I recommend this book for ages 7 and up (my brother says he understands it even though he is five but my mother doesn't).

Saturday, October 18, 2008


Polo by RĂ©gis Faller (2006) has no words (except sound effects), but it doesn't need them (it was written by a Frenchman). The pictures tell you what's happening. It's a great way to show how you can say things without using words. Polo is a dog who travels to imaginary places. All the places Polo visits have things that don't happen in real life, like an elevator built inside a tree, a boat made of ice, or an underground country of giant blue mushrooms. I recommend this book for ages 3 and up.

Monday, October 13, 2008


Mammoth Academy, by Neil Layton, is a chapter book that I nominated for the Cybils in the Middle Grade Reader category because I liked it so much. It is about two mammoths, Oscar and Arabella, who go to a school called Mammoth Academy to learn all the sorts of things we people learn in our schools. There are creatures that aren't mammoths too, like a cave cat, an owl, and a fox. All of the creatures at the academy get along with mammoths. They have very cool adventures, especially Fox and Oscar, like going up a steep mountain and finding a human cave school (humans were very dumb at that time!).

I love the black and white illustrations, and there are lots of them!

This book is an easy reader, but it has too many pages to count in that category the Cybils! It has ten chapters and 149 pages (this is the UK version). This books is for ages 6 and up.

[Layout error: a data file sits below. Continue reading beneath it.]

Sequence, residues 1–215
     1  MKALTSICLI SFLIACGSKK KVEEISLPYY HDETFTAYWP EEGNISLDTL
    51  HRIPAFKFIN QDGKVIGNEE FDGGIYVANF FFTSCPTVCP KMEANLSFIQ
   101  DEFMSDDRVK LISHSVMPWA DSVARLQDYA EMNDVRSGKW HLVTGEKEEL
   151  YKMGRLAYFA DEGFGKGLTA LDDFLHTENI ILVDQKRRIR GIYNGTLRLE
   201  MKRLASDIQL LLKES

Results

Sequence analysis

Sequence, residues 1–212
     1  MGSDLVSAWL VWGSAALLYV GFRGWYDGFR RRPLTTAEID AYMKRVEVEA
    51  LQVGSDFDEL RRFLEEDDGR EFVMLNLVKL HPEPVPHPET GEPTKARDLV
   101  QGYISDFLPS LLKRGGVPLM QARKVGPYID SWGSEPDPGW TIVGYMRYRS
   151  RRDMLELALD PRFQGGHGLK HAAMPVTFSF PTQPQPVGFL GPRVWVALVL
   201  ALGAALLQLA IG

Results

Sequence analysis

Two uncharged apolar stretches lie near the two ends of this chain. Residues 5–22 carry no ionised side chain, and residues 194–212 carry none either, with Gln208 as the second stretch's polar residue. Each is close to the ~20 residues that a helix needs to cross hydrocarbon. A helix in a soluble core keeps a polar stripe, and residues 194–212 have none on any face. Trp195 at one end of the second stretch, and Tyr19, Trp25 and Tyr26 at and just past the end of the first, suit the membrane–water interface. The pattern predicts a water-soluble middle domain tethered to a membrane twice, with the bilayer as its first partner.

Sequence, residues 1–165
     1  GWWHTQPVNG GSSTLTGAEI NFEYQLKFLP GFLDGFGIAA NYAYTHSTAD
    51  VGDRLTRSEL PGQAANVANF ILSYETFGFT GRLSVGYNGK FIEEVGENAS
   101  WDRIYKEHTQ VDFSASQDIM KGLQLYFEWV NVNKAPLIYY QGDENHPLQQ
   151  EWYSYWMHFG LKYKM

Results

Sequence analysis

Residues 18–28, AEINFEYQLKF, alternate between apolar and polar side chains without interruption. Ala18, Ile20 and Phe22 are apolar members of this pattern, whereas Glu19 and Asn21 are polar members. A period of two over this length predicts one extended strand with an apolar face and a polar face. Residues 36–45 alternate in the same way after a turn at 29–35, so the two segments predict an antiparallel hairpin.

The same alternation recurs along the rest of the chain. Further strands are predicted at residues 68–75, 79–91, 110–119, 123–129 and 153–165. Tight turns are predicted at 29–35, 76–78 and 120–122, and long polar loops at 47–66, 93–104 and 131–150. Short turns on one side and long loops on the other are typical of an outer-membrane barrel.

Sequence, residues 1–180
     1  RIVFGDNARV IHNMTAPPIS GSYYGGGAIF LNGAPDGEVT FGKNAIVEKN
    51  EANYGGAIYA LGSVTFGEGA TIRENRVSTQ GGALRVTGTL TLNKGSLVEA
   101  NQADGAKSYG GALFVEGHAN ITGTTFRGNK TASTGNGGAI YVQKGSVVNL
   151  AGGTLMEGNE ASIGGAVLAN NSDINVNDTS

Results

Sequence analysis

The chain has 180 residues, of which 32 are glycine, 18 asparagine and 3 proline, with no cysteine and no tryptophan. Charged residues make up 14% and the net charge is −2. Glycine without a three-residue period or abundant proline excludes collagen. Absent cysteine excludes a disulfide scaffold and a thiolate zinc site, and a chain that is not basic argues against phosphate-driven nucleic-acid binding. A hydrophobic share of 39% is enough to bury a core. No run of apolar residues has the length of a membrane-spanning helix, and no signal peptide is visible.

Here's another review, at Jen Robinson's Book Page.

Thursday, October 9, 2008


Beowulf, by Stefan Petrucha and Rod Chamberlain (2007), is a graphic novel (comic book) about a Saxon myth. The cover says it is about "the world's first-and greatest-hero," Beowulf, who went to the greatest of mead halls (a large banquet house) and fought this evil swamp monster called Grendel. Then Grendel's mother came and killed people, so he went to the swamp where she lived and fought her at the bottom of the lake, in her temple. He was the first man to see the bottom.

What will he battle next? Read the book and find out.

I like this book because it is very cool. This book is for ages 6 and up. My brother likes it and he is only five.

Monday, October 6, 2008


Owly (by Andy Runton) is a comic, but not a usual comic. The speech bubbles don't have words, but pictograms. There are both comic books and regular books about Owly, as well as an Owly plush toy for $9.95, advertised on the back of one of the comics.

There is a range of different characters, from an Owl (Owly) and a Worm (we call him Wormy), to a raccoon who owns a plant store, and many other unnamed animal characters like birds and a flying squirrel.

The first Owly book made me cry. It was the first time I ever cried because of a book. Read it and find out why!